Except that these “new pastures” are completely covered in bullshit.

As individuals, I think we’ve all figured this out by now, yet en masse we’re either still believing the hype, or too scared to turn away in case the miracle finally happens. For years now, the data has been unequivocal: the “Long Tail” was a myth. But still we chase it.

DJs stop shopping and pick out what they can from the conveyor-belt buffet that revolves endlessly in front of them. Digital PR companies blanket-spam all and sundry in increasingly desperate, unfocused attempts to gather “feedback” which serves no clear purpose other than to stroke the egos of artists. And so we go on…

I know this madness only too well, because I too am completely and utterly caught up in it. Any DJ, blogger or journalist with any kind of web presence is now inundated with unsolicited promos from hundreds if not thousands of record labels. Soon, “promo day” becomes work, and not the pleasant kind. We have less and less time to search out new music we might like, because we are too busy dealing with what’s put in front of us.

In this case, everyone loses. Labels spend time and money sending free music to people they don’t know, who don’t want it, rather than concentrating on rewarding their existing audience or striving to improve their product. DJs stop shopping and pick out what they can from the conveyor-belt buffet that revolves endlessly in front of them. Digital PR companies blanket-spam all and sundry in increasingly desperate, unfocused attempts to gather “feedback” which serves no clear purpose other than to stroke the egos of artists. “Peak promo” sees established labels garnering less and less in the way of useful dialogue, even from top level DJs with which they’ve enjoyed long standing relationships. And so we go on…

“There is a degree of self entitlement out there, which can and has created an instability in the value of music and the effort of those making it,” Richard Earnshaw says. “And although we, the labels, can’t stop people emailing and hustling for free music, it’s up to us to decide on who gets it. I guess that’s where the benefit of NOT using an independent promo service lies. We can make those decisions.”

 

Making an Industry – and Community – Function Again.

I think we all know what the answers are. I’ve had the “Great Promo Problem” conversation with every label owner I know. We’ve all come to the same conclusion, but we’re all scared to act in case we are wrong. As DJs, we have to struggle with the guilt we feel when we delete an unsolicited promo, knowing that someone once took a chance on us. Yet we shouldn’t send strangers music out of fear, nor should we listen to it out of guilt.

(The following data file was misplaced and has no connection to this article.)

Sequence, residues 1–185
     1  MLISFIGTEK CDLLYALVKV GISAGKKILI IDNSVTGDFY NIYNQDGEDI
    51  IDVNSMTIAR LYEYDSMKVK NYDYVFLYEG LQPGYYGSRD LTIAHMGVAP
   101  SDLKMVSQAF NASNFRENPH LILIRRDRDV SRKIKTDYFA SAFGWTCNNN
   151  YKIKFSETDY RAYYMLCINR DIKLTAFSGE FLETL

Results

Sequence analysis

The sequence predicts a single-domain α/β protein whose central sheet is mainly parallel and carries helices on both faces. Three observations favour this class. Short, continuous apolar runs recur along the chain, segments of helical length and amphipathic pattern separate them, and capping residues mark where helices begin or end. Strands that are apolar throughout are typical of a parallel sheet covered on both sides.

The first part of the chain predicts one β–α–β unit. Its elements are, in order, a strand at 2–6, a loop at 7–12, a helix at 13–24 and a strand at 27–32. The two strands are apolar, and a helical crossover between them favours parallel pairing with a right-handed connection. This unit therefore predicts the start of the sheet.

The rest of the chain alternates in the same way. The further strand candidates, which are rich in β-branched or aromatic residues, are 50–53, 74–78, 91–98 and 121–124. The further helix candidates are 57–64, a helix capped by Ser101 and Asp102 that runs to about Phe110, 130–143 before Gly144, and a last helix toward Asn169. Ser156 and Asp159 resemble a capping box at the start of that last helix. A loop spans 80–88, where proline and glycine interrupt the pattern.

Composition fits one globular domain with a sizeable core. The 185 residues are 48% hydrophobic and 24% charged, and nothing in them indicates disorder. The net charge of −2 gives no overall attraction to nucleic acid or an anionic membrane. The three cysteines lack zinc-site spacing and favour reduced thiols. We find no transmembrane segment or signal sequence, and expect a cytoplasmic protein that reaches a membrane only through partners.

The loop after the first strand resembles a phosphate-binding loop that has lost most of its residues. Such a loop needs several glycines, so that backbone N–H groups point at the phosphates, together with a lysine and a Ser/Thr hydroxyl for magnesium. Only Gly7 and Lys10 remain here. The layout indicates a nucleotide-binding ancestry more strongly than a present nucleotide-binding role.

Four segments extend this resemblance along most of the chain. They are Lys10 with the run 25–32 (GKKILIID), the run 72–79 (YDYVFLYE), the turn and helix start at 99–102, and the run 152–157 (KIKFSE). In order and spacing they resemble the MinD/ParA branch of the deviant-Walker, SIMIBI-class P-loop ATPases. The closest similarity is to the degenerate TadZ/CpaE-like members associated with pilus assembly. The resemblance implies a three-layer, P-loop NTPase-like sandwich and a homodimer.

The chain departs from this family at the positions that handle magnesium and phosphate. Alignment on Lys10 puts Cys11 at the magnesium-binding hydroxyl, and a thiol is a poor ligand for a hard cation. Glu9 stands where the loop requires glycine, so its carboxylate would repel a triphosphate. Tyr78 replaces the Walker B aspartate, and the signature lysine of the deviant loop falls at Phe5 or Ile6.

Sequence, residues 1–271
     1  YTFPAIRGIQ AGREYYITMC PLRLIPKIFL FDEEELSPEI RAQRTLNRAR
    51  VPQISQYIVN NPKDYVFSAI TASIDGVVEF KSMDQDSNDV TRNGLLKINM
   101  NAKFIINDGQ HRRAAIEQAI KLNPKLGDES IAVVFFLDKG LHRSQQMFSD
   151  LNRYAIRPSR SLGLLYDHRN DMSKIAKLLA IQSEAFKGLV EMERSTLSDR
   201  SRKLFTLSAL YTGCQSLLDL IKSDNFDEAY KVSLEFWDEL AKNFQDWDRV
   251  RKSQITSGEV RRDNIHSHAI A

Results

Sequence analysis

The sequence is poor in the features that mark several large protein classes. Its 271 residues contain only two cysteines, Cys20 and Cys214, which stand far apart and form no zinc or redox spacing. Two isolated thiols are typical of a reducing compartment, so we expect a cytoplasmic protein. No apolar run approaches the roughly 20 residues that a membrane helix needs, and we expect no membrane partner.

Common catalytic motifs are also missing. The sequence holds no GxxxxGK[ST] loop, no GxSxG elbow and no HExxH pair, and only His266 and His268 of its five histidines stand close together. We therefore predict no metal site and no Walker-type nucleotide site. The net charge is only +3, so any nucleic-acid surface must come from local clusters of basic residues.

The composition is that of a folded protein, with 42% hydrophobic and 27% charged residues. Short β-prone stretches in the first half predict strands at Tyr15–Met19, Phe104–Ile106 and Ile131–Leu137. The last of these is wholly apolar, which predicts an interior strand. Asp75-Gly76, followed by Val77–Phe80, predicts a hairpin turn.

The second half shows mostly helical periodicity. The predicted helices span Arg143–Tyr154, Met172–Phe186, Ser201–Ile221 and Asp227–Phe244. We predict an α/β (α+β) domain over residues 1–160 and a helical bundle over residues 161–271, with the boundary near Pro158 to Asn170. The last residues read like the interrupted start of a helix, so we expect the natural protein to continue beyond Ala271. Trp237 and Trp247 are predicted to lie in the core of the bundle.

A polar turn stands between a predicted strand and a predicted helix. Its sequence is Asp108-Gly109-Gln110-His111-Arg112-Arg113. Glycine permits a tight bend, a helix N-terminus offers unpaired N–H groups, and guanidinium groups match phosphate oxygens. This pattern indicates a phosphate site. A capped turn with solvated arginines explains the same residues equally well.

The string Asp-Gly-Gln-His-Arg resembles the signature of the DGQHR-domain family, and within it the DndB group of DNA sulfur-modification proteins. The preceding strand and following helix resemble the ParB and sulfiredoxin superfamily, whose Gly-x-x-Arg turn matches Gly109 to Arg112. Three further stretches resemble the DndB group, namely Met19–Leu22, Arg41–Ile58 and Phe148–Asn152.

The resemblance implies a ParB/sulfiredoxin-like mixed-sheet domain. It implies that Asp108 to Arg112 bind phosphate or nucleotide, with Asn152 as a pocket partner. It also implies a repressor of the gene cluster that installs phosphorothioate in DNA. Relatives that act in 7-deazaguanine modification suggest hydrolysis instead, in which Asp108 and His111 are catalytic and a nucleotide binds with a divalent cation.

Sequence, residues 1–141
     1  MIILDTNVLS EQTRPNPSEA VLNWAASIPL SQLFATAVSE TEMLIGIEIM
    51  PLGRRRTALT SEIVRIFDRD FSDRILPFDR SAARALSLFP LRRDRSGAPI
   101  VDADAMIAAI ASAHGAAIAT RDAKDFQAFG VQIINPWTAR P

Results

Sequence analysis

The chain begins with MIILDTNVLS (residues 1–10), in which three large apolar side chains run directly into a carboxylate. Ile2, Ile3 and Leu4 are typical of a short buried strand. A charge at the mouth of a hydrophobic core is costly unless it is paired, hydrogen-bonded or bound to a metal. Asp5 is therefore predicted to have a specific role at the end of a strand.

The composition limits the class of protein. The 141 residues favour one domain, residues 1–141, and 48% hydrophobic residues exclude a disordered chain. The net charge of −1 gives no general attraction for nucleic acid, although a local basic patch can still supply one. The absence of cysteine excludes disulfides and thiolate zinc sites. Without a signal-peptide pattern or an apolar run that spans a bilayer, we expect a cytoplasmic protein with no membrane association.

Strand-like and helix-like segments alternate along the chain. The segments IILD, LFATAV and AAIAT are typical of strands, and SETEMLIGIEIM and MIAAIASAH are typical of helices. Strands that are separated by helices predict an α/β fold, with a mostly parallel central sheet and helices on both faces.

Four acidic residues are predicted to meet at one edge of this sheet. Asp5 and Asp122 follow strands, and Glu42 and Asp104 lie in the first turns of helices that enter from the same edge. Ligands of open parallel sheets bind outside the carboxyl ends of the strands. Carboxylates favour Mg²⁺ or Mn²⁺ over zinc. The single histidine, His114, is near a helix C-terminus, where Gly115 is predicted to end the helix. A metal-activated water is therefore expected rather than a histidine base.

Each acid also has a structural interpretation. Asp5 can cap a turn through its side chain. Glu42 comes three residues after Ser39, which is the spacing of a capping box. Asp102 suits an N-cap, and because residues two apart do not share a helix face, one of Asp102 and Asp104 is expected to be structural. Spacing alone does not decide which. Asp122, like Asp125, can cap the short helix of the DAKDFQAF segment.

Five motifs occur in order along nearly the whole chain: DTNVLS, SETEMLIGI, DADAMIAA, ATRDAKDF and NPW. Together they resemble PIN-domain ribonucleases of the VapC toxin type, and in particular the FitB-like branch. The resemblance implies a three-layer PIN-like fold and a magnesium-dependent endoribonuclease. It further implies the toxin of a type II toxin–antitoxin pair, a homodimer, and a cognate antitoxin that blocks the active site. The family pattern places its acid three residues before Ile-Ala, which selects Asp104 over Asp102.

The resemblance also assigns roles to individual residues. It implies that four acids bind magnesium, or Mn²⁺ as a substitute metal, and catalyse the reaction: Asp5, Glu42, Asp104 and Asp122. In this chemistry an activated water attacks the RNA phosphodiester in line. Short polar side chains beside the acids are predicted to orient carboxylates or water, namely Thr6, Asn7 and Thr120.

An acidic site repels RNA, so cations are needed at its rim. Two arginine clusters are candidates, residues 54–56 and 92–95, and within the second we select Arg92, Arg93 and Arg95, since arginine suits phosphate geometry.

The relationships we build in underground music should be based on mutual appreciation and respect, nothing else.

It won’t happen overnight, but very much like the social media-driven political climate we find ourselves in, we each have to do our own small part to help a fractured community begin to function again.

If you’re a DJ, make a conscious decision to shop for new music regularly. If you spin a track you received via promo at a paid gig, for god’s sake buy a copy when it’s released. In a time where everyone seems to be desperately longing to be a part of something special, why not be a badass patron of the arts?

Search for excellence. It is not easy to find. It will almost never be placed conveniently in front of you or appear in your inbox. Do your best to concentrate on the content and discard the packaging. Invest whatever you can afford into the finest music you can find and it will reward you. It will reward the artist. It will reward your fellow music fan.

Changing the world really might be this simple.

 

It’s Time: originally published in 5 Magazine Issue 147 featuring Kevin Yost, Jenifa Mayanja and Sound Warrior, Gavin Hardkiss, why music got cheap and gear got expensive (and it’s mostly your fault) and more. Become a member of 5 Magazine for First & Full Access to Real House Music for only $2 per month!

Producer, Musician, DJ & Grumpy Person, Will Sumsuch has been immersed in music since the late 90s. Releasing on BBE Records as one half of “Mega Jawns,” Will also runs his own little independent House music label, Colour and Pitch.

  • Great article Mr. Sumsuch.

  • Rui Da Silva

    good article. as a dj i rather buy music than check the promo email.. I seem to find much better music that way.